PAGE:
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How Do You Capture Color Light With A Samsung S730 Digital Camera?


milk18680
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I have a samsung s730 7.2 digital camera and I was wondering how to capture a great light scene at night? I know how to use the different modes for different scenes but at night even with right mode the picture comes out blury or too bright with the flash. If i am taking pictures of different color lights such as a blue lighting or red or something how do I capture the color in the picture without it coming out too blury?

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Edited:

http://www.basic-digital-photography.com/h...ght-photos.html

http://www.instructables.com/id/How-to-tak...THOUT-a-tripod/

Tip 1: Use Long Exposures

The key to successful night photography lies in a long exposure. We’re talking about exposures measured in seconds. When a long exposure is used, more light is allowed into the camera, allowing the details in your night photo to be captured.

The problem with using long exposures is that you may shake the camera, resulting in poor pictures. The way around this is to use a tripod. I prefer to install a tripod with a shutter-release cable to ensure that I don’t jolt the camera at all.

Tip 2: Take Control Shots

One problem with digital cameras is that there are always some pixels on the image sensor which are bad. When taking day photos, these defects are not discernible. However, they are pretty obvious in night photos. How do we correct these? Here’s a simple way – take a control shot, then use image editing to subtract out those bad pixels.

This is how it works. The next time you’re out to take night photos, go ahead and snap a picture of Scene A, as you normally would. Then, when it’s convenient, take a photo of the exact same Scene A again, but with the lens cap on.

Now you will have two images, one night shot and one control shot (with the hot pixels). Load them up in say, Paint Shop Pro. Switch to the control shot and select Edit and Copy from the menu. Next, switch to the night shot and paste the copied image as a new layer. Then, select the new layer and change the Blend Mode to Difference and click OK. You’ll get the correct night shot with the hot spots subtracted out.

Tip 3: Try to Capture Motion

With a long exposure, you have many creative options when it comes to photography. This includes capturing motion. For example, have you ever wondered how those professional photographers shoot pictures of trails of car lights as they zoom down the highway at night? It’s all due to long exposures. Try to keep this in mind the next time you’re taking a night photo – you don’t have to restrict yourself to still images.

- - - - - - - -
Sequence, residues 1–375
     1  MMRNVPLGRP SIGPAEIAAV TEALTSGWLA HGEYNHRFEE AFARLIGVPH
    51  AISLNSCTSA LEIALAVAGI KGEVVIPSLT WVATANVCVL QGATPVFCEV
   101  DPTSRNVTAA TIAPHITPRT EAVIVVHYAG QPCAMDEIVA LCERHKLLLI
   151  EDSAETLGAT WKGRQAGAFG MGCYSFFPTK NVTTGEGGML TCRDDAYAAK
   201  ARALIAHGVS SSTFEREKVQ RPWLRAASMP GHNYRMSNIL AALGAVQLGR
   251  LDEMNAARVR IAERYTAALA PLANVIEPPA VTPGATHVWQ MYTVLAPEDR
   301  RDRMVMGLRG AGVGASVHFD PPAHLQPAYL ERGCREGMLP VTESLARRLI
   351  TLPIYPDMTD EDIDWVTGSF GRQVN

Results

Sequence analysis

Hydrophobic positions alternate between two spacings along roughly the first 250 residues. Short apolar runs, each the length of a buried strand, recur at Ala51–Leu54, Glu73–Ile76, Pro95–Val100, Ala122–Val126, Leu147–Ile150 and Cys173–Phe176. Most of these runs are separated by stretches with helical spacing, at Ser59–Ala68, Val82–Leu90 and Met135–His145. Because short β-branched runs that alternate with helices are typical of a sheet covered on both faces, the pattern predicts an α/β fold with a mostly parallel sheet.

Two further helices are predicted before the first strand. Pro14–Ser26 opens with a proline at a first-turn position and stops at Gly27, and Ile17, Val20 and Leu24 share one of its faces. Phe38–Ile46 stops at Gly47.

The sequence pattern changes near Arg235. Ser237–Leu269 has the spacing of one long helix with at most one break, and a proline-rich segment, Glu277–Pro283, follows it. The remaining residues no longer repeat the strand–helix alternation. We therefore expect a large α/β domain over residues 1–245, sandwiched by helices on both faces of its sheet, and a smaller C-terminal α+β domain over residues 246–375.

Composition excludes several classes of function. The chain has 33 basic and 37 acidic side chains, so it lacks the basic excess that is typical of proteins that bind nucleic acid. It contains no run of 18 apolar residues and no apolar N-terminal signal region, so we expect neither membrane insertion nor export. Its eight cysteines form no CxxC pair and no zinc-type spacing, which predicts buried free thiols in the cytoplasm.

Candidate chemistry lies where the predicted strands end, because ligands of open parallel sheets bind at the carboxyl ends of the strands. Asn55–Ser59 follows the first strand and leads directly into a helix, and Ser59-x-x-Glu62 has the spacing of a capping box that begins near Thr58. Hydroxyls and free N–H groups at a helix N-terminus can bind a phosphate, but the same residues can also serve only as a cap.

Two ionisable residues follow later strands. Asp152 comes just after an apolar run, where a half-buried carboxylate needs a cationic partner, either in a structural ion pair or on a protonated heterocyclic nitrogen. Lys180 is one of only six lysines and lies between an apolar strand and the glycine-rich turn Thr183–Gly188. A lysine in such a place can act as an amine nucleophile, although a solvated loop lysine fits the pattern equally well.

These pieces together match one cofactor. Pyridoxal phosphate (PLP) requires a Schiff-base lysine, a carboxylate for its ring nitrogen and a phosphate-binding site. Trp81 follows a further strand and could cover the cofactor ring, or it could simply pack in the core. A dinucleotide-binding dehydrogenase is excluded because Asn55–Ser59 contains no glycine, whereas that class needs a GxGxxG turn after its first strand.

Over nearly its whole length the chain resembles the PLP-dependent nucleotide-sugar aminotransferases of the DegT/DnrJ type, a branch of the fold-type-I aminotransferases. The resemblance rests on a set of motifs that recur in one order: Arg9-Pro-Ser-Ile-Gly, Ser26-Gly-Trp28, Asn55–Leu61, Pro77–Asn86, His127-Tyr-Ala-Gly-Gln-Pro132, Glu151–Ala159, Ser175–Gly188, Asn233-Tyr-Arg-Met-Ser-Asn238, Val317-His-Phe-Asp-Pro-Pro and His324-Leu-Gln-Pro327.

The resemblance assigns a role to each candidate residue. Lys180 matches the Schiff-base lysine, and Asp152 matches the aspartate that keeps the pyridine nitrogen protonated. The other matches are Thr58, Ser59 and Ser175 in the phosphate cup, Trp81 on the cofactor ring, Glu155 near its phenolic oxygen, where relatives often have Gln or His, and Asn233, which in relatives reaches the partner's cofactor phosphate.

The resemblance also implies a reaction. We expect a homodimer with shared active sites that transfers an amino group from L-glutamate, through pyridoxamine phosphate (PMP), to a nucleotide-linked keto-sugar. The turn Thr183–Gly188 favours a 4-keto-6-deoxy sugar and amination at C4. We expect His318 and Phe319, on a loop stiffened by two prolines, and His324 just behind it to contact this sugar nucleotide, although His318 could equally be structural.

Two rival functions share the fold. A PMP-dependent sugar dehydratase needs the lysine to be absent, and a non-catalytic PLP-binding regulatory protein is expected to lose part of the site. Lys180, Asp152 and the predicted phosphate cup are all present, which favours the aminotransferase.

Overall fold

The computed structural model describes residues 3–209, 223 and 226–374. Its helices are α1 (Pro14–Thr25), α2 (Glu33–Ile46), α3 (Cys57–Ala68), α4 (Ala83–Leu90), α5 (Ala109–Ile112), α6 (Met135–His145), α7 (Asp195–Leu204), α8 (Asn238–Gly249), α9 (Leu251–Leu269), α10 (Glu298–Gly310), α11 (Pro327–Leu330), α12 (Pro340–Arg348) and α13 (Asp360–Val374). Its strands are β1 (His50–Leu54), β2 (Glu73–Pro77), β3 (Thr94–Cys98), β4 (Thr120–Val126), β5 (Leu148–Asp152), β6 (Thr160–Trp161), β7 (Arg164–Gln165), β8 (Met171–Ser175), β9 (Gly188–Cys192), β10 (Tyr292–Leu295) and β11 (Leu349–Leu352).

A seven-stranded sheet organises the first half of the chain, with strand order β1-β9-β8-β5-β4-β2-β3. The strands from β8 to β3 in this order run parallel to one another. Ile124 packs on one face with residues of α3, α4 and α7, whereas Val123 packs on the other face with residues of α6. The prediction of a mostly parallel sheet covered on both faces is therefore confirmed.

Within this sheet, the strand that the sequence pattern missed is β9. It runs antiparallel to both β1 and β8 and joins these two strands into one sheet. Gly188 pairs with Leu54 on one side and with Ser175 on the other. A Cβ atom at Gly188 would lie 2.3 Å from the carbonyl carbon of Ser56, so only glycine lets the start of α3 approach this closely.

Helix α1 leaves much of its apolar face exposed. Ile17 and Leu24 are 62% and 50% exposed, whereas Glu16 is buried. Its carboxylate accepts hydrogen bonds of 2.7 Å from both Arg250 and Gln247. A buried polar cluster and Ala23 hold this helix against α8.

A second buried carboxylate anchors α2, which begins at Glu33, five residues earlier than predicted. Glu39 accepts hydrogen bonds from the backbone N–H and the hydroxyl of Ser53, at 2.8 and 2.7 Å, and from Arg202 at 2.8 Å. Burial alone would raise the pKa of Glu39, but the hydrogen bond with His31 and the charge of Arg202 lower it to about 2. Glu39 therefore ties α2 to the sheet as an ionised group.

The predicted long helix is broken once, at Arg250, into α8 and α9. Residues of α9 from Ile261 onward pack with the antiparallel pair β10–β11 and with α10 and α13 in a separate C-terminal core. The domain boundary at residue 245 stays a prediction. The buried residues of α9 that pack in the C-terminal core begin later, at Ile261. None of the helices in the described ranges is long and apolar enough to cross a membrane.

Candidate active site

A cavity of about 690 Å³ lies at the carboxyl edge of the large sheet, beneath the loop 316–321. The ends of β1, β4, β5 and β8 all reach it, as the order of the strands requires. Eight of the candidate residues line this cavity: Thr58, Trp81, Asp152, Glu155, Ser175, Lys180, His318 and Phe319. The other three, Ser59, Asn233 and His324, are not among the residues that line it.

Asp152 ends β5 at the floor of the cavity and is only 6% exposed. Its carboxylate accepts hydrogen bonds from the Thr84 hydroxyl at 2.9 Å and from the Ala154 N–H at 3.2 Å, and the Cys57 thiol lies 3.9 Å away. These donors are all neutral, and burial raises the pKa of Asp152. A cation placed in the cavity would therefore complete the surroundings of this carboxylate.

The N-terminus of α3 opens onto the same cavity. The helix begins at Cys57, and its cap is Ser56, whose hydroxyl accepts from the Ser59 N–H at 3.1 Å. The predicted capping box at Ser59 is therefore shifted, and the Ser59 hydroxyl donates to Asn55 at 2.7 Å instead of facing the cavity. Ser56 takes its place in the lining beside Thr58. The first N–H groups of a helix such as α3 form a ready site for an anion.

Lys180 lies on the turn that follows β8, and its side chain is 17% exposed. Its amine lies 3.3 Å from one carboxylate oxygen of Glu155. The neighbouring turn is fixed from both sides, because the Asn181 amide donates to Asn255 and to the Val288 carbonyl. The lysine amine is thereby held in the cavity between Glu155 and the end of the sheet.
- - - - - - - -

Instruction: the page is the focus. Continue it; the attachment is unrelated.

Tip 4: Play with the Aperture

In addition to shutter speed (which determines exposure time), you can play around with the aperture size of your digital camera. There are two scenarios here. If you set a long exposure, try to use a small aperture to avoid overexposing any stationary lights. in the picture. On the other hand, if you set a short exposure, try using a larger aperture to avoid any motion in your shot.

Tip 5: How to Use the Flash

As a general rule, I turn the flash off when taking night photos. There are some exceptions though – one specific example I can think of is trying to shoot a subject in the foreground, with motion trails of car lights in the background. In this case, bring along an external flash unit and shine it on your subject manually. Set a long exposure, then have your subject wait until the picture is taken.

Tip 6: When to Take Night Photos

When’s the best time to take night photos? I usually like to take them during dusk when colors and details are easier to capture. I’d recommend that you do some research on the evening before the photo shoot. Decide on the location, then come back the next day to take the photo at dusk.

Edited by Infiltrator
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Hmm.. I think maybe its spam. Its not even posted in the questions section.

Edited by digip
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